Wednesday, September 02, 2009

Chess and the Greatest

Emanuel Lasker (world champ 18941921) is my favorite chess player.

Lasker and Pillsbury in 1895

Lasker played the opponent, had no weakness in his game, and had a chameleon like quality where he would try and put his opponent thru a torture test during a match. Bobby Fischer took after Lasker in 1972 when he played non e4 vs Spassky thus throwing out all Soviet preparation with white. A choice which implies Fischer decided that while e4 is the best, it is not as good as d4 or c4 against an unprepared opponent.

In fact Fischer was sure to face Spassky's Queen's Gambit Declined Tartakower variation, a line Spassky never lost with until game 6. For those who possess The Art of Positional Play by Samuel Reshevsky, there is a chapter about the Tartakower variation which is the best analysis of the defense I have ever read. Whereas in Ruben Fine's Bobby Fischer's Conquest of the World's Chess Championship Tartakower analysis pales when compared to Reshevsky.


Unequivocally Gary Kasparov is the greatest but I like to re-evoke the discussion about how strong would a Lasker or Capablanca be in world class chess today. My feeling is any top world player of the past would be world class today if given the same opportunities that today's players have had. It's interesting to note that some local masters regard the likes of Frank Marshall as being "expert strength" when compared to today's masters, while other local masters show them more respect. Still there have been computer studies of games and players of the past that show that there were many tactical flaws in games of the past that were overlooked by these old timers. My feeling is that computers have done a good job in training contemporary player's minds to a much higher tactical skill level. And there are so many games e-published every day, visible almost immediately around the world, so variations are tested more quickly and the current chess junkies can keep a finger on the pulse of the bleeding edge. Whereas before WWII players had to be part of the European tour to be on the bleeding edge. And like Kasparov, we can take our ideas and beat on a stronger than human computer to harden our ideas. Feedback was never so good, pushback never so quick. Just like everything in today's world the cycles accelerate. With more room for improvement. What I think this means is that the greatest chess player is yet to arrive.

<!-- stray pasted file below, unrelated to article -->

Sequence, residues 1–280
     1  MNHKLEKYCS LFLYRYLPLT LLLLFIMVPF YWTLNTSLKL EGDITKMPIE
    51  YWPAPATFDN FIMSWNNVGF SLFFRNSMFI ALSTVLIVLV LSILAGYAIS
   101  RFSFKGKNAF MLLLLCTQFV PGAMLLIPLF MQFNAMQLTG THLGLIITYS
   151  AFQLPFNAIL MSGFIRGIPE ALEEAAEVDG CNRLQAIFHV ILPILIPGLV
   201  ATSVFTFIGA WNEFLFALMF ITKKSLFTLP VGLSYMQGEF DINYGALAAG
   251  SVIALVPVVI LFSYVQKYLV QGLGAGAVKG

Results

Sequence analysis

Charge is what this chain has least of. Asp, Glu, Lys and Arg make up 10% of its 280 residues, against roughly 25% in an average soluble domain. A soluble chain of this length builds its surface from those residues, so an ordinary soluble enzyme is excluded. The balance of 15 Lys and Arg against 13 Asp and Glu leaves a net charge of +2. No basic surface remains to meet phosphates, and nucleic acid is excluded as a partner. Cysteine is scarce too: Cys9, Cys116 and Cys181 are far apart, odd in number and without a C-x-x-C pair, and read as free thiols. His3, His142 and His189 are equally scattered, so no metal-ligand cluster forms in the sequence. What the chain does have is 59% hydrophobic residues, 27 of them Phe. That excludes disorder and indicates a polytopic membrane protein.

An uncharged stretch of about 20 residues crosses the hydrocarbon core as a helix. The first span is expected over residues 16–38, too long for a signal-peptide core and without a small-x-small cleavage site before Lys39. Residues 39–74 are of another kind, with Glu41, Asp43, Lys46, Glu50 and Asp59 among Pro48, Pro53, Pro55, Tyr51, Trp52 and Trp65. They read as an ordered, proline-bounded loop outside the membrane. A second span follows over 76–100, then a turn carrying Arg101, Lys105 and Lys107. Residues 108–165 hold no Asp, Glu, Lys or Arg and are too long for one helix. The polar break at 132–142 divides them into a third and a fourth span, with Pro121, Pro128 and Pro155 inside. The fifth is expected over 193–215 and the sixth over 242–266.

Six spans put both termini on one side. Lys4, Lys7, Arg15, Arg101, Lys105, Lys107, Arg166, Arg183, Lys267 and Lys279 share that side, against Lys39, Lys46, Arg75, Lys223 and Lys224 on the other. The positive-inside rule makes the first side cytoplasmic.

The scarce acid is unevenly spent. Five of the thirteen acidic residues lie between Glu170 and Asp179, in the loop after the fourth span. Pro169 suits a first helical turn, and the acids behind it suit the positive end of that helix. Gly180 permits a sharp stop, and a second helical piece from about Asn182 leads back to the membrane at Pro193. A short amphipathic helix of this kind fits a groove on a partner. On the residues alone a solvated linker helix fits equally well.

How would the old timers rank today?
Please Comment
Thank You
Mike Griffin 09/02/2009

No comments: